• Artistic License – Geography: U2 infamously samples an outtake of Casey Kasem introducing a record by the Irish group U2 (in a longer version of the clip, he even mentions them being from Dublin) and exclaiming "These guys are from England, and who gives a shit?". Ireland is not even part of the United Kingdom, let alone part of England.
  • Ashes to Crashes: Don Joyce died in July 2015. After his cremation, the band packaged the first 1,000 copies of The Chopping Channel with two grams of his ashes per CD.
  • Black Comedy: Practically their trademark once they brought Don Joyce on. Compare for example, the studio cut of "Four Fingers" from A Big 10-8 Place to live versions from the 1990s. Founding member Richard Lyons was no slouch in this department, either: he was the one responsible for the media hoax which alleged axe murderer David Brom had been listening to Negativland's "Christianity is Stupid" song.
  • Broken Record: As expected from sound collagists. One particularly obvious example is "The Gun and the Bible" that repeats and echoes the word "wilderness" for a good minute - taken from the song's namesake:note 
    The gun and the Bible carved this nation out of the wilderness.
    America was built / built / built on a gun / gun / gun.
  • Book Ends:
    • Dispepsi starts with the sound of a Pepsi can being opened, and it ends with the sound of a Pepsi can being crushed and thrown on the ground.
    • Its' companion EP, Happy Heroes, begins and ends with commercial jingles for Mertz, (fictional) brain-stimulating pills from (also fictional) Fridol Labs.
    • No Business almost ends on the "reversed" edit of its' title song, "New is Old", appropriately titled "Old is New" - but then its' followed by the real final track of the album, "No Business Again".
  • Buccaneer Broadcaster: At least once, Lyons played "Jack Diekobisc" (pronounced Dick-o-bitch), in a micropower radio culture jam featuring an extremely nasty takedown of Clear Channel, KJR-FM Seattle, and its program director Bob Case. KJR advertised itself as playing only music from the '60s and '70s, but even a casual listener could hear plenty of tunes from the '80s as well, in an attempt to attract a younger money demographic. Explanations about Richard and his 'Mosquito Fleet' microradio pals here, and more here. KJR did get the message, and changed its playlist accordingly.
  • Canned Orders over Loudspeaker: "Christianity Is Stupid" takes the piss out of an excessively violent Christian propaganda film (see it here) by Sampling a sermon by Rev. Estus Pirkle. The preacher describes what he thinks the U.S. would be like under totalitarian Communist rule, with loudspeakers constantly blaring "Christianity is stupid! Communism is good! Give up!". The track repeats these words obsessively and completely out of context over a musical backing of insistently pounding drum machines and ominous Heavy Metal guitars.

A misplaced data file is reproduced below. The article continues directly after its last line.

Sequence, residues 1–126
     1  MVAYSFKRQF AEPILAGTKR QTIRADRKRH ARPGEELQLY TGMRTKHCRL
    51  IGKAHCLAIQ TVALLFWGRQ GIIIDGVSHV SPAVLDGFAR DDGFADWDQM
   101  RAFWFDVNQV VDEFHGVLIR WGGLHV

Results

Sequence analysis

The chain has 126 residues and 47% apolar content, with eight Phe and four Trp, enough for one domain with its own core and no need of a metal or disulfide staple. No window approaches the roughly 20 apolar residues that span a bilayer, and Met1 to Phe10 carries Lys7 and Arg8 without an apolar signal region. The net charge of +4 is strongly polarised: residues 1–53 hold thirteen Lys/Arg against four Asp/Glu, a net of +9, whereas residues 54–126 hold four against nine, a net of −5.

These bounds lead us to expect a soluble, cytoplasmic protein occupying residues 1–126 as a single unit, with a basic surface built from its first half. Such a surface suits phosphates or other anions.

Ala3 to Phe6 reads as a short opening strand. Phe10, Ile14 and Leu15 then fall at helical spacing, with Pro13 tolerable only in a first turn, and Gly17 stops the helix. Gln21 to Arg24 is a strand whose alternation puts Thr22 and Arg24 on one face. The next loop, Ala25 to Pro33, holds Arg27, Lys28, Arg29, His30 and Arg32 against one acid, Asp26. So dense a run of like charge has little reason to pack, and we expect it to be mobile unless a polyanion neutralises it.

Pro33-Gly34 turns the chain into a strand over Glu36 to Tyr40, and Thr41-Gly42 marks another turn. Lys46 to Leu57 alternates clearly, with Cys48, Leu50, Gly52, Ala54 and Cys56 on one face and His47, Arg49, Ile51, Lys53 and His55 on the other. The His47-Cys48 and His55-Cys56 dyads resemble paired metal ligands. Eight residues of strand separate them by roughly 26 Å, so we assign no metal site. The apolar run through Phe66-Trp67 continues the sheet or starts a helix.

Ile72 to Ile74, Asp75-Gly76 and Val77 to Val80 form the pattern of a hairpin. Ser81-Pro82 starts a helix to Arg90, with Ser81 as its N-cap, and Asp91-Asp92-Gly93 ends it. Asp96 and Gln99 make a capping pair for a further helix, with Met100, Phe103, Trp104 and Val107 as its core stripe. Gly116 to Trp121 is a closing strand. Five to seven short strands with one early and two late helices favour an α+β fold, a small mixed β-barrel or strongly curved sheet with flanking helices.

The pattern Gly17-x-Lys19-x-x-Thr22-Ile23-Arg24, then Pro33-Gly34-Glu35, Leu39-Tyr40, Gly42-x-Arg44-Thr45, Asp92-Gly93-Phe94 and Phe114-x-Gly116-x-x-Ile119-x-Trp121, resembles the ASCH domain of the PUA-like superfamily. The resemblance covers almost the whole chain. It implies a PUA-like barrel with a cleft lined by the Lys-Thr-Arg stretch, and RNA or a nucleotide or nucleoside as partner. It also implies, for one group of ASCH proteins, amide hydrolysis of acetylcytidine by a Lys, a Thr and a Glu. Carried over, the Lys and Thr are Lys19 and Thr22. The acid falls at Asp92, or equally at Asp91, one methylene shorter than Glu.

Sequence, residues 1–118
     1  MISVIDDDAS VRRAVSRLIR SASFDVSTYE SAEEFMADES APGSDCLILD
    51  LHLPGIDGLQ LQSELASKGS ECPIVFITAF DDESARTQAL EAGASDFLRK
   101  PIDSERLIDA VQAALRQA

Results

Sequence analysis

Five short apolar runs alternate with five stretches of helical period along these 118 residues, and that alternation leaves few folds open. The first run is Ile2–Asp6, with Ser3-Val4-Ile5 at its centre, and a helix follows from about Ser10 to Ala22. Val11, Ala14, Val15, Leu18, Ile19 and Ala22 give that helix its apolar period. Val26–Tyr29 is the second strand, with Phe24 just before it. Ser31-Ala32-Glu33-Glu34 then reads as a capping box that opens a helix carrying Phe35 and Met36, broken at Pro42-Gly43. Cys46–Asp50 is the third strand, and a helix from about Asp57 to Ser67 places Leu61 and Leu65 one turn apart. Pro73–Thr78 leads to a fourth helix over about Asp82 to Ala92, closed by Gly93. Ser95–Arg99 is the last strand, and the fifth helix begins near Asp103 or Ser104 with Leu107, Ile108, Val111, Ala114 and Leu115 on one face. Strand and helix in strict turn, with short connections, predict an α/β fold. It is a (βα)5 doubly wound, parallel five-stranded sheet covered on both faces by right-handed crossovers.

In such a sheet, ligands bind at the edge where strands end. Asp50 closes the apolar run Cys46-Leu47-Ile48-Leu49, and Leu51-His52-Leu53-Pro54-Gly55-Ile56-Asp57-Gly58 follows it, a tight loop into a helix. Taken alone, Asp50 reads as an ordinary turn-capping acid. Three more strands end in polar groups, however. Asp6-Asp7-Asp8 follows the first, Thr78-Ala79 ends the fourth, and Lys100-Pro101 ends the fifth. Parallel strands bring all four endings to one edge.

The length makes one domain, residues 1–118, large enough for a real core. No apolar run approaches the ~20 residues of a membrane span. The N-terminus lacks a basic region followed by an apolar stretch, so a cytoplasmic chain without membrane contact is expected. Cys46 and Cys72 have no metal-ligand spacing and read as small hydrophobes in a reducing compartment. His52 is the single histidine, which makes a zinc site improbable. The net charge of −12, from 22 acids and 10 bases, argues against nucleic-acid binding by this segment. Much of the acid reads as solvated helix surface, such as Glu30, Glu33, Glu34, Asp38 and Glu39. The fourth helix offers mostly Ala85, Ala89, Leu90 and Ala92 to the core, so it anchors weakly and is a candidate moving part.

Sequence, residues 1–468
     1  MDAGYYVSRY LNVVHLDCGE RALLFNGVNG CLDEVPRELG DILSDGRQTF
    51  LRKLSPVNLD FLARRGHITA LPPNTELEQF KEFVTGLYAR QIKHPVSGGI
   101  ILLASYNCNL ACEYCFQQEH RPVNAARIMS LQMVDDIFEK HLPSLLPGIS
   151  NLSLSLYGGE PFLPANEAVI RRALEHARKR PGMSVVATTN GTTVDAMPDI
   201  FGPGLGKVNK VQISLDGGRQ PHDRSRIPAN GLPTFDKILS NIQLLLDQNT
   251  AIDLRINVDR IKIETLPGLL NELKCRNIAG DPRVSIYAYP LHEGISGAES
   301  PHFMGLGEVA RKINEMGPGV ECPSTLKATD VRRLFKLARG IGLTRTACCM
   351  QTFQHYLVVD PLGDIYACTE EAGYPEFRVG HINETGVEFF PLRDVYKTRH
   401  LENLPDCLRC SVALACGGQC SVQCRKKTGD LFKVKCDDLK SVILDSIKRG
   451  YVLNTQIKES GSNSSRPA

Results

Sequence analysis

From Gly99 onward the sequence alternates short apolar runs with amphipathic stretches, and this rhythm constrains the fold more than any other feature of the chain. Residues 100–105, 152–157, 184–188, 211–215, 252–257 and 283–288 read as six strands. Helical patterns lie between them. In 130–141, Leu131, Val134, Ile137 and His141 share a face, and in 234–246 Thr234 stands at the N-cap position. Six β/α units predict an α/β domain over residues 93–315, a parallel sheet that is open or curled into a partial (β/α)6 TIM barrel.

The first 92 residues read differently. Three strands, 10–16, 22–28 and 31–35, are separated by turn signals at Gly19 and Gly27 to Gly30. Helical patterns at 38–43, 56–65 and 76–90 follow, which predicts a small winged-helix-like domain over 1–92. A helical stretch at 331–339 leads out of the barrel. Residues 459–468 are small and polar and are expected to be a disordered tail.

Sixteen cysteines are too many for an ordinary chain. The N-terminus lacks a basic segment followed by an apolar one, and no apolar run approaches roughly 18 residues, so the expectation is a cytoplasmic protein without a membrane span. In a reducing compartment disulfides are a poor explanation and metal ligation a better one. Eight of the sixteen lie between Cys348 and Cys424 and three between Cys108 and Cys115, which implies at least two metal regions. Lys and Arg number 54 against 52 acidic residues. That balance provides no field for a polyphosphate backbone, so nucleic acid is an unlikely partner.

• Celebrity Endorsement: Among other quotes on its' cover, Our Favorite Things has:
    "It's goofy."
    Goofy, Cartoon Character
  • Censored for Comedy:
    • "Happy Hero" censors the F-word for comedic effect - or, rather, splices a long beep into the middle of the word "fucking".
    • These Guys Are From England And Who Gives A Shit ends with a painstaking re-edit of "I Still Haven't Found What I'm Looking For" in which every swear word is replaced by a Sound-Effect Bleep.
  • Cloud Cuckoo Lander: The many eccentricities David Wills attributes to his Weatherman persona are almost all completely genuine.
  • Concept Album: Pretty much all of their albums. Among them...
    • A Big 10-8 Place is about their home county, Contra Costa County in California. (10-8 is CB radio slang for "en route" or "on my way").
    • Escape From Noise, their biggest hit on College Radio stations, is about noise incursion and noise pollution of all kinds. "Christianity Is Stupid" is found on this album. (And yes, some campus & community stations got in trouble for playing it.)
    • Helter Stupid is about the ineptitude of media reporters, citing as its case study a prank from Richard Lyons that local news affiliates took at face value.
    • Guns is about the role of guns in the American culture - both past and (at the time) present.
    • Free is about the United States of America and various concepts of freedom.
    • Dispepsi is about Pepsi, corporate advertising, Pepsi, celebrity endorsement and Pepsi again.
    • No Business is about copyright, sampling and stealing music - if not in the lyrics of the songs on that album, then in the way they're stitched up.
    • Thigmotactic has a musical concept rather than a thematic one: unlike their other albums, it's just a collection of straightforward humorous songs.
    • True False is about disinformation and personal echo chambers. This is one of their most successful live shows as well and has gone through many permutations and incarnations over the years.
    • The World Will Decide is about humanity's relationship with technology, its' role in the themes explored by True False, and the narrowing boundary between human and machine.
  • Continuity Nod: Escape From Noise comes with a "Car Bomb" bumper sticker. The song "Car Bomb" ends with the only surviving car driving away - with a different sticker on its' bumper that reads "No Other Possibility". That sticker was real, and included with some copies of A 10-8 Place.